Science

Multiverse Controversy Heats Up over Gravitational Waves

Posted by on March 31, 2014 in Sci-Tech, Science with 0 Comments
Multiverse Controversy Heats Up over Gravitational Waves

The multiverse is one of the most divisive topics in physics, and it just became more so. The major announcement last week of evidence for primordial ripples in spacetime has bolstered a cosmological theory called inflation, and with it, some say, the idea that our universe is one of many universes floating like bubbles in a glass of champagne. Critics of the multiverse hypothesis claim that the idea is untestable—barely even science. But with evidence for inflation theory building up, the multiverse debate is coming to a head.

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Will We Ever… Travel in Wormholes?

Posted by on March 30, 2014 in Earth & Space, Sci-Tech, Science, Technology with 0 Comments
Will We Ever… Travel in Wormholes?

The universe is huge. Travelling at light speed to the nearest star would take more than four years. Venturing to the other side of the galaxy? More than 100,000 years. So what’s an intrepid space traveler to do? One option is a cosmic shortcut called a wormhole, a tunnel through the fabric of space and time that can connect far-flung corners of the universe. Hopping through a wormhole would be incredibly difficult, say scientists, but they have yet to rule it out. So, what would it take in reality, and what exactly is stopping us now?

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We May Already Know How We Will Cure Death—But Should We?

Posted by on March 29, 2014 in Futurism & Inspiring Inventions, Sci-Tech, Science with 5 Comments
We May Already Know How We Will Cure Death—But Should We?

The quest for humans to live forever is elegantly laid out in “The Immortalists,” a new documentary making its away around the film festival circuit. The Immortalists follows the triumphs and tragedies of three years in the lives of William H. Andrews and Aubrey de Grey, two men who prove just as interesting as the work they’re doing. The Immortalists is really a film about death, not life, which is what makes it so fascinating. The goal of Andrews and de Grey is not merely to extend life, but to actually reverse the aging process. “Once we are really truly repairing things as fast as they go wrong, game over,” de Grey says in the film. “We will have the ability to live indefinitely.”

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Newly Discovered Dwarf Planet Hints At a Hidden Super Earth In Dim Reaches of Solar System

Posted by on March 27, 2014 in Earth & Space, Sci-Tech, Science with 0 Comments
Newly Discovered Dwarf Planet Hints At a Hidden Super Earth In Dim Reaches of Solar System

Discovery of an icy “dwarf” world beyond Pluto hints that a much bigger planet may hide even farther out in the dim reaches of the solar system, astronomers suggested on Wednesday.

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MIT Engineers Design Hybrid Living/Nonliving Materials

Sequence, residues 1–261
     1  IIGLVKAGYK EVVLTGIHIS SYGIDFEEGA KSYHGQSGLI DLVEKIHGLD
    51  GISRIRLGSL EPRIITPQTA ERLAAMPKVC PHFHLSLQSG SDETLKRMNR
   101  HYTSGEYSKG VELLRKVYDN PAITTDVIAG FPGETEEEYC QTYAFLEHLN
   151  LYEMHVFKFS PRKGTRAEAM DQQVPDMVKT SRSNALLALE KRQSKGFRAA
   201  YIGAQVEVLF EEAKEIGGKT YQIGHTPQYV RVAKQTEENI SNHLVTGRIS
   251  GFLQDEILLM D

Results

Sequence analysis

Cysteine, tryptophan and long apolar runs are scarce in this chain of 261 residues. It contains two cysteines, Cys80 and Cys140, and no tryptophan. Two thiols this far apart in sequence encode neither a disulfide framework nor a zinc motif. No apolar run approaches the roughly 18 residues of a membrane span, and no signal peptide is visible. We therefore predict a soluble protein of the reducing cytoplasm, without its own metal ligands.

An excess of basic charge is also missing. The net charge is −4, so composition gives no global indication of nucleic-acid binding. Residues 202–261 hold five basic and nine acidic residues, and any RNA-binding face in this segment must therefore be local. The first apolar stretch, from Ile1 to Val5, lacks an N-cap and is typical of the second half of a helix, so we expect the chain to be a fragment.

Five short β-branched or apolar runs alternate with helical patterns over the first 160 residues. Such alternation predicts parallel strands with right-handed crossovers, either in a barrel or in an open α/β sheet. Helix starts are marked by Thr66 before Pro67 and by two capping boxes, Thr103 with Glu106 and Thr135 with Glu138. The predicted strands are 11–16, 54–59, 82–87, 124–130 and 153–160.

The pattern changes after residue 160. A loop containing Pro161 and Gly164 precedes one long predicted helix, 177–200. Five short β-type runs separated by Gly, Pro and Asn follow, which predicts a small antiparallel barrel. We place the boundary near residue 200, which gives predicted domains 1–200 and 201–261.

Posted by on March 26, 2014 in Sci-Tech, Science, Technology with 0 Comments
MIT Engineers Design Hybrid Living/Nonliving Materials

MIT engineers have coaxed bacterial cells to produce biofilms that can incorporate nonliving materials, such as gold nanoparticles and quantum dots. These “living materials” combine the advantages of live cells — which respond to their environment, produce complex biological molecules, and span multiple length scales — with the benefits of nonliving materials, which add functions such as conducting electricity or emitting light.

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Michio Kaku on the Evolution of Intelligence

Posted by on March 25, 2014 in Sci-Tech, Science with 0 Comments
Michio Kaku on the Evolution of Intelligence

Dr. Michio Kaku explains the evolution of human intelligence. How did we become intelligent? What separated us from the animals? Well there are basically three ingredients — at least three that help to propel us to become intelligent. One is the opposable thumb…

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Fearless Research: Science and Non-Duality

Fearless Research: Science and Non-Duality

Learn about the leading edge of scientific research into consciousness in this presentation by IONS scientist Cassandra Vieten

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Einstein’s ‘Spooky’ Theory May Lead to Ultra-Secure Internet

Einstein’s ‘Spooky’ Theory May Lead to Ultra-Secure Internet

“Spooky action at a distance” describes entanglement of particles separated at large distances and may be applied to ultra-secure message transmission.

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Our Universe May Exist in a Multiverse, Cosmic Inflation Discovery Suggests

Posted by on March 19, 2014 in Earth & Space, Sci-Tech, Science with 1 Comment
Our Universe May Exist in a Multiverse, Cosmic Inflation Discovery Suggests

The first direct evidence of cosmic inflation — a period of rapid expansion that occurred a fraction of a second after the Big Bang — also supports the idea that our universe is just one of many out there, some researchers say. This theory posits that, when the universe grew exponentially in the first tiny fraction of a second after the Big Bang, some parts of space-time expanded more quickly than others. This could have created “bubbles” of space-time that then developed into other universes.